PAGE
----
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First Report of ‘Candidatus Liberibacter africanus’ Associated with African Greening of Citrus in Angola

    Authors and Affiliations
    • P. H. Fourie1 2
    • W. Kirkman1
    • G. Cook1
    • C. Steyn1
    • R. de Bruyn1
    • R. Bester3
    • R. Roberts4
    • D. D. M. Bassimba5 6
    • C. M. José6
    • H. J. Maree1 3
    1. 1Citrus Research International, Nelspruit, South Africa
    2. 2Department of Plant Pathology, Stellenbosch University, Stellenbosch, South Africa
    3. 3Department of Genetics, Stellenbosch University, Stellenbosch, South Africa
    4. 4Agricultural Research Council – Plant Protection Research, Pretoria, South Africa
    5. 5Instituto de Investigação Agronómica, Chianga, Huambo, Angola
    6. 6PlantCare, Quarto C, Luanda, Angola

    Huanglongbing (HLB, Asian citrus greening), a devastating disease of citrus, has not been detected in southern Africa (Gottwald 2010). HLB is associated with ‘Candidatus Liberibacter asiaticus’ (CLas), a phloem-limited bacterium vectored by Diaphorina citri Kuwayama (Hemiptera: Liviidae), the Asian citrus psyllid (ACP). African citrus greening, associated with ‘Candidatus Liberibacter africanus’ (CLaf) and its vector the African citrus triozid, Trioza erytreae (Del Guercio) (Hemiptera: Triozidae), are endemic to Africa, although not previously reported from Angola. African greening is less severe than HLB, largely due to heat sensitivity of CLaf and its vector. Introduction of HLB into southern Africa would be devastating to citrus production in commercial and informal sectors. There was concern CLas or ACP might have inadvertently been introduced into Angola. In July 2019, a survey was conducted in two citrus nurseries in Luanda and Caxito and in different orchards on seven farms surrounding Calulo and Quibala. Yellow sticky traps for insects were placed at various sites and were collected after ∼3 weeks. Breeding signs of T. erytreae (pit galls) were observed on citrus in some locations, but no insect vectors were detected on traps. Trees were inspected for signs and symptoms of citrus pests and diseases, particularly those resembling HLB (foliar blotchy mottle, shoot chlorosis, vein yellowing and corking, lopsided fruit with aborted seeds, and color inversion) and its vectors (pit galls on leaves or waxy exudates). Leaves and shoots with suspect symptoms were sampled for analysis (43 samples). DNA was extracted from petiole and midrib tissue of leaves using a modified CTAB extraction protocol (Doyle and Doyle 1990). Real-time PCR was done using universal Liberibacter primers (Roberts et al. 2015), CLaf-specific primers (Li et al. 2006), and CLas-specific primers (Bao et al. 2020). All real-time PCR protocols indicated the presence of CLaf in six samples. CLas or other citrus Liberibacter species were not detected. Presence of CLaf in sample 37 was confirmed by constructing a library (Nextflex DNA Sequencing Kit, PerkinElmer) with extracted DNA and performing high-throughput sequencing on an Ion Torrent S5 platform (Central Analytical Facility, Stellenbosch University). To improve the quality of the reads, all 233,617,700 obtained reads were trimmed from the 3′ end to a maximum length of 240 nt using Trimmomatic (Bolger et al. 2014). The high-quality reads were mapped to the Citrus sinensis reference genome (NC_023046.1) using Bowtie 2.3.4 (Langmead and Salzberg 2012) to subtract all the reads that had high identity to the host plant (number of mismatches allowed in the seed was set to 1). The 14,691,369 unmapped reads (6.2% of original data) were mapped to the CLaf reference genome NZ_CP004021.1 using CLC Genomics Workbench 10.1.1 (Qiagen) (length fraction = 0.8; similarity fraction = 0.9). A CLaf consensus genome was generated that spanned 99.7% of the reference genome, and the 163,001 mapped reads had a 22.9 mean read coverage. The consensus sequence was 99.7% identical to NZ_CP004021.1 and was submitted to GenBank as CP054879. The positive CLaf detections were from trees with typical HLB or African citrus greening symptoms in a commercial citrus farm outside Calulo and included two ‘Ponkan’ mandarin (C. reticulata), two Valencia, and one ‘Navelina’ tree (C. sinensis), and from a citrus nursery in Luanda (one lime tree; C. aurantifolia). This first report of CLaf in Angola highlights the need to prevent spread by removing infected trees and managing the insect vector, as well as the need for further surveys to determine the occurrence of African greening and its vectors in other provinces and to confirm the absence of exotic citrus pests and diseases.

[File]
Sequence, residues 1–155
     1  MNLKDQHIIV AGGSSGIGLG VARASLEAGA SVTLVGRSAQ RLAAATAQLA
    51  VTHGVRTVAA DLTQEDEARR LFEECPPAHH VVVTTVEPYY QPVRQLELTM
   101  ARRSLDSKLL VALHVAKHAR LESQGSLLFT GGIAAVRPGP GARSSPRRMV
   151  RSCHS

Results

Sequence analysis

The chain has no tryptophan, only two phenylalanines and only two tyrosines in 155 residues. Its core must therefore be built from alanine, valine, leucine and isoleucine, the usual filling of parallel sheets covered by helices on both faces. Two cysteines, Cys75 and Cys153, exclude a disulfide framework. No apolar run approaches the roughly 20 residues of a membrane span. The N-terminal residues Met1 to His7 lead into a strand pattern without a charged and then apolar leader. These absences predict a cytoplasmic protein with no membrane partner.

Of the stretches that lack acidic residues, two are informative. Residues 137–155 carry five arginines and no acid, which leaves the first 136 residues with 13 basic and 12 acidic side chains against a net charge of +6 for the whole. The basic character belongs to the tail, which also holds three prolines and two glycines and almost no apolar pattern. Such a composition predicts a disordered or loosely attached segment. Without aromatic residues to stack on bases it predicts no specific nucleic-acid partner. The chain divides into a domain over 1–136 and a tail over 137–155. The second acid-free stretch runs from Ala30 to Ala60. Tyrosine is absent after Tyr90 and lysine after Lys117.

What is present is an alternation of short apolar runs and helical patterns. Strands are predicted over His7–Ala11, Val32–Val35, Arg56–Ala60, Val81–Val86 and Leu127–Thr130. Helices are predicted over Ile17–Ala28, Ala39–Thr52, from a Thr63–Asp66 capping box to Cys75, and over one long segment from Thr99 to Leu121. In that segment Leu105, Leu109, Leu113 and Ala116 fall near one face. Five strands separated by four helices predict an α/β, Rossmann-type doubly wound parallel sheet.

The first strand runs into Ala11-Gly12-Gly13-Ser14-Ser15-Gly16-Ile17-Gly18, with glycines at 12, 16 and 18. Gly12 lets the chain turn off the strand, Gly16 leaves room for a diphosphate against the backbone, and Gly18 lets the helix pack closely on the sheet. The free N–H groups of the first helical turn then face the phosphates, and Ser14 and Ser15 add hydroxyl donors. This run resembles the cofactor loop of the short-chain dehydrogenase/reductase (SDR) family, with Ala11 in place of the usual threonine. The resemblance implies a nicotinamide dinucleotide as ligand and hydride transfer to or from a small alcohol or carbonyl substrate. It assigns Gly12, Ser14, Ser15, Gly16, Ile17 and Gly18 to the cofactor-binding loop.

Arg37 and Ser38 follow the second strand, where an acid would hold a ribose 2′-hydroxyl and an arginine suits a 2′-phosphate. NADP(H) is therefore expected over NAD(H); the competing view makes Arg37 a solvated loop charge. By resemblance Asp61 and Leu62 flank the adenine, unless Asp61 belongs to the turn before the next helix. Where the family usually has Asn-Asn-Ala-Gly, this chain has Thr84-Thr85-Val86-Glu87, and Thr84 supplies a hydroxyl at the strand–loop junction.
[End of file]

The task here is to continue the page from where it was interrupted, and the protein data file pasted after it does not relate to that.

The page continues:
The author(s) declare no conflict of interest.


    The author(s) declare no conflict of interest.